Enhancing Students’ Understanding of Bi-Polarity in the History Classroom , pp. 9 of 13

Although it seems counter-intuitive to understand bi-polarity through the notion of change and continuity, an understanding of the latter might be useful in helping students achieve a nuanced understanding of Cold War developments. Indeed, the concept of bi-polarity has been largely “stable” insofar as the bi-polar competition between the USA and the USSR dominated the world order during the second half of the twenty-first century, but there were changes in-between which could be better illustrated through the lens of change and continuity. For instance, the Reagan administration has often been termed as the era of the “second Cold War” with the USSR. This enhanced understanding of the Cold War needs to be viewed through the lens of the limited successes brought about by détente. In other words, students would need to have a brief but substantiated conceptual understanding of American-Soviet relations in the 1970s in order to fully appreciate the dynamics of the Reagan-Gorbachev interactions in the 1980s.  

To help students achieve a historical understanding of bi-polarity during the Cold War, teachers would need to bring across to students a few key ideas. First, the ideological competition between the USA and the USSR never ceased during the course of the Cold War, even if there were brief moments of respite which allowed both superpowers to co-operate in some areas. Second, co-operation between both superpowers was more evident during the first few years after the Second World War and the decade after the Cuban Missile Crisis, where the moment of nuclear brinkmanship convinced both superpowers that a limited form of co-operation was necessary and viable. Third, the notion of bi-polarity was challenged in a few instances - the rise of the non-aligned movement in the 1950s and the Sino-Soviet split in 1961 meant that both democracy and communism were not monolithic movements and their dominance in the international discourse was constantly undermined. By conveying the subtleties of such changes to students, teachers will be able to help students see both the continuities and changes of the bi-polarity during the Cold War, and the ways in which such changes and continuities interacted. In doing so, students will be able to appreciate these changes as historically significant moments, as well as the interactions between the changes and continuities in superpower competition and relations during the Cold War.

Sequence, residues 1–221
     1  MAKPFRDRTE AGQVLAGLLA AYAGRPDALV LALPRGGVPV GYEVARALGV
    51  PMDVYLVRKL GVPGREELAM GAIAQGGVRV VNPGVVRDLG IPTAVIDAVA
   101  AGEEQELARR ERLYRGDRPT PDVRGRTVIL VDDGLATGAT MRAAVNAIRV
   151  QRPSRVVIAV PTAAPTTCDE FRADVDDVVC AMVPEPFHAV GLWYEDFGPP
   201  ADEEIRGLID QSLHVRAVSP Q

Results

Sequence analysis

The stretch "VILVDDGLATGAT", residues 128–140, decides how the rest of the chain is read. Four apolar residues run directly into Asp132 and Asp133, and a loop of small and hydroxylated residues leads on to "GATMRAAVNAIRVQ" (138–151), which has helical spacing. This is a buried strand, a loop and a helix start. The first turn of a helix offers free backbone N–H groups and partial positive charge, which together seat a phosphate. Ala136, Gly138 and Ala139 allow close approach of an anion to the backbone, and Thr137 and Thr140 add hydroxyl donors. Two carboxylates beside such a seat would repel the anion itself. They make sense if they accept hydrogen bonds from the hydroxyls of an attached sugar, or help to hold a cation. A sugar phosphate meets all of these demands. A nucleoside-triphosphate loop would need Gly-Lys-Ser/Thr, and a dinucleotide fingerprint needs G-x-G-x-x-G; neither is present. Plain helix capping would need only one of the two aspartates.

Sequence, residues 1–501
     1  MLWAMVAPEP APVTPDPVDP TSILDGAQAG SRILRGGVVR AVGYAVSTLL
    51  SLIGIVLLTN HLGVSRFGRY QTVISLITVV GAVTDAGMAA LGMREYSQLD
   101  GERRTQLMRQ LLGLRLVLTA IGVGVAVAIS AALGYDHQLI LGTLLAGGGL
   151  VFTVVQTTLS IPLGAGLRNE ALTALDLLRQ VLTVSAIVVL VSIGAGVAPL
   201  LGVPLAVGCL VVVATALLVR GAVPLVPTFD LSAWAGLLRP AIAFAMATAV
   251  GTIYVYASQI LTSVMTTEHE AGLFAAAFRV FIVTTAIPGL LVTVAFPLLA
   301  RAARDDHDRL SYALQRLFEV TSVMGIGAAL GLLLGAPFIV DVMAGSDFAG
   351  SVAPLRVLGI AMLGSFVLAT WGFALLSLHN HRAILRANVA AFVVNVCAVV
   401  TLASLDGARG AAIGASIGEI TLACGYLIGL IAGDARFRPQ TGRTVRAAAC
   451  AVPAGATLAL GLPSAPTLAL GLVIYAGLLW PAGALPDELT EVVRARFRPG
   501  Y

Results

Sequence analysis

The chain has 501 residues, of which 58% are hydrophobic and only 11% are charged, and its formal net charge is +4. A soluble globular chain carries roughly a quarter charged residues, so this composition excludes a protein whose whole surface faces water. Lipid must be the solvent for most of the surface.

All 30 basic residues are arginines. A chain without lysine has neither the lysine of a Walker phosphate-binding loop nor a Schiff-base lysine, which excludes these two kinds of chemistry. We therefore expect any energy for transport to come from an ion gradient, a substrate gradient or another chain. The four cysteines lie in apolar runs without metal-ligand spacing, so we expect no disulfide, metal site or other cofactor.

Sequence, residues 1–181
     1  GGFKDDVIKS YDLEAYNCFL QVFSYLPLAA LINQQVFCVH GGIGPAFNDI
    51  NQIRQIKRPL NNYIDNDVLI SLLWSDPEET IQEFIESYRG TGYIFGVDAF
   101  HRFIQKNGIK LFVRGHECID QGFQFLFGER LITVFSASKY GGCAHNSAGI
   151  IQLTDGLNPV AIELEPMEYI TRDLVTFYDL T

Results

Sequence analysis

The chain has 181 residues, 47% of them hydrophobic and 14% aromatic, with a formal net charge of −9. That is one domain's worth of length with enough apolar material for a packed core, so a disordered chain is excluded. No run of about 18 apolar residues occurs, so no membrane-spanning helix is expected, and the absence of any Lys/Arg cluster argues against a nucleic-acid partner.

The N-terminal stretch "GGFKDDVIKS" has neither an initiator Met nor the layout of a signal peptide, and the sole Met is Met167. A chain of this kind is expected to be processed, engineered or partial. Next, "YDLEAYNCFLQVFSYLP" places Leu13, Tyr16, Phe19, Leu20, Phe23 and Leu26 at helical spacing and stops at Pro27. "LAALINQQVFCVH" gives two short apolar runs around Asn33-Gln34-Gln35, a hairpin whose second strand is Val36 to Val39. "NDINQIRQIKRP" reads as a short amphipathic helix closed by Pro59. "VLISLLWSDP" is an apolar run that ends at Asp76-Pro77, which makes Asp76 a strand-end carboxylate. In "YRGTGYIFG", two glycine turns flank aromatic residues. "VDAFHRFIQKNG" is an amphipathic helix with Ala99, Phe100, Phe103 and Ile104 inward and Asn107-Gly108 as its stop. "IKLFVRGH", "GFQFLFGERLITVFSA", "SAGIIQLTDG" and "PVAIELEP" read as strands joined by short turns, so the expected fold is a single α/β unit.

The idea of change and continuity could be conveyed through the following activity which teachers could carry out with students:

An Inspiring Quote

"[Open-mindedness] includes an active desire to listen to more sides than one; to give heed to facts from whatever source they come; to give full attention to alternative possibilities; to recognize the possibility of error even in the beliefs that are dearest to us."

~ John Dewey, How We Think

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